Snappy Tips for Better photos / by Neil Alexander

Trees near the M6, Warrington

I've had quite a lot of interest lately from people wanting to know how to get the best out of their camera, and with the holiday season rapidly approaching I thought I'd try and save you a little money by encouraging you to explore your existing gear a little more beforehand. The next few Tuesday posts will hopefully be informative, concise tips on maximising your current gear. The idea being that this will save you putting that shiny new piece of gear you've been lusting over on your letter to Santa, and to better improve your skills ready for you to get some great images of your kids demolishing their presents or the wife cremating the turkey....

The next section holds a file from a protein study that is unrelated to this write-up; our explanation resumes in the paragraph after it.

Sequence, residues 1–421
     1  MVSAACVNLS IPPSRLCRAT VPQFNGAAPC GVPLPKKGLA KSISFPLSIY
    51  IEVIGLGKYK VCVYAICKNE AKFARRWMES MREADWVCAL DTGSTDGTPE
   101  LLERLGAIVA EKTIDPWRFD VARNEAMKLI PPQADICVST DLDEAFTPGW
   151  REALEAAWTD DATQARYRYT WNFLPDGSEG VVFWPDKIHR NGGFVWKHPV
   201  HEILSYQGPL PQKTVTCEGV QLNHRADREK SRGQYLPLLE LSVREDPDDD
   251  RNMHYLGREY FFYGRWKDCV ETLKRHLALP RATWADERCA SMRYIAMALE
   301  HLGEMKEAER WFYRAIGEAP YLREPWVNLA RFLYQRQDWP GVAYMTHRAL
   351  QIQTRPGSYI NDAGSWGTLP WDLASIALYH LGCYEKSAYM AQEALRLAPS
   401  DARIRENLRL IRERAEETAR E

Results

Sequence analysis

1. Take control of your camera On automatic your camera will always do it's best to try and interpret a scene and set it's values for lighting, shutter speed, aperture etc based on a series of algorithims written by a bunch of scientists in a lab somewhere from data compiled from thousands of photographs taken in a whole range of different environments. Often the nerds will get it right and the environmental variables in the scene you are shooting will match something that they've already coded for and your camera will get it right, but just as often something in your scene will cause the parameters to deviate sufficiently from the microchipped brain's pre-configured numbers that the camera will not produce a good image; either the lighting will be wrong, or the camera will have picked the wrong focus point or some other computational error will have ruined that once in a lifetime opportunity to capture your moment or just won't allow you that artistic freedom to create exactly the image you wanted. Once you've reached this threshold with your camera, you've discovered it's automatic limitations and it's time to start really using it. So turn that dial away from the Automatic setting. On most DSLRs, your options are: A (Nikon) or Av (Canon) - Aperture priority - In this mode your camera will determine the shutter speed required to facilitate the aperture that YOU have chosen allowing you to select how much of your scene you want to be in focus. - Read more here S (Nikon) or Tv (Canon) - Shutter priority - This is the reverse of Aperture priority - your camera will determine the aperture required to work the shutter speed that YOU have chosen. So based on the lighting conditions, your camera will determine how much of the scene will be in focus based on the shutter speed and ISO that you have selected. P (Nikon) - Program (NOT Professional) mode - In this mode, the camera gives you control over ISO, flash and white balance. - Read more here Learn about the first two particularly and experiment with them. Play.